How Likely? – This group of questions require more complex analysis of past data to identify trends in order to predict future events. This can be done on sales figures, market share, or various other parameters that affects the company’s performance. This analysis can be presented in a simple tabular form, or even as a graph that reveals the past present and future trend. There is a fine correlation between the accuracy of the data and the prediction, however, a good analysis requires a weighted contribution of historical data. The older the data the lower its contribution to the prediction of a future event and inversely, recent trends and events have a larger impact on the prediction model. This kind of analysis is called predictive modelling.
How Quickly? – This kind of question is again based on more complex analysis and is also related to the ‘How likely’ scenarios from the previous question. Finding out how quickly certain milestones are going to be reached requires an underlying understanding of the likely consumption rates of the particular units being analysed. The answers to these questions impact the financial models of a company and are used to plan the investment opportunities that can be reached out for. This analysis also falls under the predictive modelling category.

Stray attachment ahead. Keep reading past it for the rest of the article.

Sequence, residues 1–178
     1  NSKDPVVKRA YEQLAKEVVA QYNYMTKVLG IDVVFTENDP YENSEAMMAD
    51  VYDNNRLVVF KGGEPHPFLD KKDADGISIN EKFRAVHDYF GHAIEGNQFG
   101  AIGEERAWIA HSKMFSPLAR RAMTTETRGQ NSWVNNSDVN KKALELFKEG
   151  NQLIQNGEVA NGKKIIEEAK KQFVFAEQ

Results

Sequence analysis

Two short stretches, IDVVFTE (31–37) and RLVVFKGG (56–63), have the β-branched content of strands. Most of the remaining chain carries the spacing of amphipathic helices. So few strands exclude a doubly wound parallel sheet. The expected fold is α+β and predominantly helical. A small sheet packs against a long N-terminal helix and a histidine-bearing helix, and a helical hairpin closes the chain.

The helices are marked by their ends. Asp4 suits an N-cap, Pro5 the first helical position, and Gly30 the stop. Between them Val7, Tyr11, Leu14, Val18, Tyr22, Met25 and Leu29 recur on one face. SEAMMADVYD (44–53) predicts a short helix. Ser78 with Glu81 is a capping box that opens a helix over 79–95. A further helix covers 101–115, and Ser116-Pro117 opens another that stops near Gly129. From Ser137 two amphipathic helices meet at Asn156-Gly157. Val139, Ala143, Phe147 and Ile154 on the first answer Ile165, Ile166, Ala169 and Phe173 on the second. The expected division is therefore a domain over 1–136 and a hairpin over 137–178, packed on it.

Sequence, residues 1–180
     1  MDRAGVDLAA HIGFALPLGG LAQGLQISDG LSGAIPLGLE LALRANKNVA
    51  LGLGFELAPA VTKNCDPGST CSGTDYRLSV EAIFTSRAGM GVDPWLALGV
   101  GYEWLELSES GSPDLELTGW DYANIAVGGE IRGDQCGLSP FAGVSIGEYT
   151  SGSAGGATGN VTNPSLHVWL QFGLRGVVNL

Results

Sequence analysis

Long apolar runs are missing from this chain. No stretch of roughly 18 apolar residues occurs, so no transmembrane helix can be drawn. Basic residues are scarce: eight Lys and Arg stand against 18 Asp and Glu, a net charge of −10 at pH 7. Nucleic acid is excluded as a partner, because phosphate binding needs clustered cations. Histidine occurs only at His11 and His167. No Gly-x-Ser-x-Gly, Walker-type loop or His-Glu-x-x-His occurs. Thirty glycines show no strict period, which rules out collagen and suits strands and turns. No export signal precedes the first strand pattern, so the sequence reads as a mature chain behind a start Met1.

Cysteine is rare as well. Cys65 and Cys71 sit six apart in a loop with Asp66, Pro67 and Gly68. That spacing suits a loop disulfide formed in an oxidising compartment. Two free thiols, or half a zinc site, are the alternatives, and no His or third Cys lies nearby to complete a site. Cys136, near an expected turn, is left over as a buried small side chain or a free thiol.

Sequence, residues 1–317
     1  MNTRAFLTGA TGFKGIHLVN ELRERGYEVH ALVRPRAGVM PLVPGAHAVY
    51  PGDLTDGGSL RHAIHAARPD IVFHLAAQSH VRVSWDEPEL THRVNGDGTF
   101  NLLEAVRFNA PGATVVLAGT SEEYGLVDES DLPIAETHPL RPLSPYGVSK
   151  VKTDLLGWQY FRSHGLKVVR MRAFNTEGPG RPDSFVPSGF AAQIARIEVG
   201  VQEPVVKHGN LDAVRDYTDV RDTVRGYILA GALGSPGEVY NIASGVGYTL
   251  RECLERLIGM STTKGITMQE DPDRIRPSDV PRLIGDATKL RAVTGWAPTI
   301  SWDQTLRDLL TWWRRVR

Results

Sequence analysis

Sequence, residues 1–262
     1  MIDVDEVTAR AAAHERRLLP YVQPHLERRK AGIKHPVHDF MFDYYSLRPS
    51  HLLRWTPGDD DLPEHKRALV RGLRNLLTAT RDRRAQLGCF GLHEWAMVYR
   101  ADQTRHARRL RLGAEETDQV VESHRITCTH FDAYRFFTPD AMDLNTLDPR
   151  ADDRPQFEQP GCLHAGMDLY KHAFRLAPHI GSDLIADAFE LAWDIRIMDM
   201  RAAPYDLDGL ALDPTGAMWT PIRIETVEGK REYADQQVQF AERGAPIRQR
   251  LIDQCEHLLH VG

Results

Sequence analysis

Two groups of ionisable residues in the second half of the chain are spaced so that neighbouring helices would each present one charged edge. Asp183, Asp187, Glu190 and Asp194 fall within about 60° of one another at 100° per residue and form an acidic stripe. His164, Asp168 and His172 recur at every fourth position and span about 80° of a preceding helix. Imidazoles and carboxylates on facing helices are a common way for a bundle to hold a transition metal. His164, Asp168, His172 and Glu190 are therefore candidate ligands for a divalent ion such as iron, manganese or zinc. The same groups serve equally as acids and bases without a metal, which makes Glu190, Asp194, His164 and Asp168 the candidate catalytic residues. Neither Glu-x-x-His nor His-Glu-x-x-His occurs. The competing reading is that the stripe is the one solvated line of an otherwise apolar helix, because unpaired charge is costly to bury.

There are many predictive analysis tools and methods used for this kind work, however, these methods are only as good as the understanding of the analyst in what they are doing. There are many predictive tools, even in a simple excel sheet the modelling equations offered on a graphical representation of a set of data is quite advanced, however if these are used with little understanding of the statistical errors built into them, then the understanding of their graphical representation can be very flawed, leaving the door open to a lot of misinterpretations. Hence one should always proceed with caution when studying the statistical results of an analysis.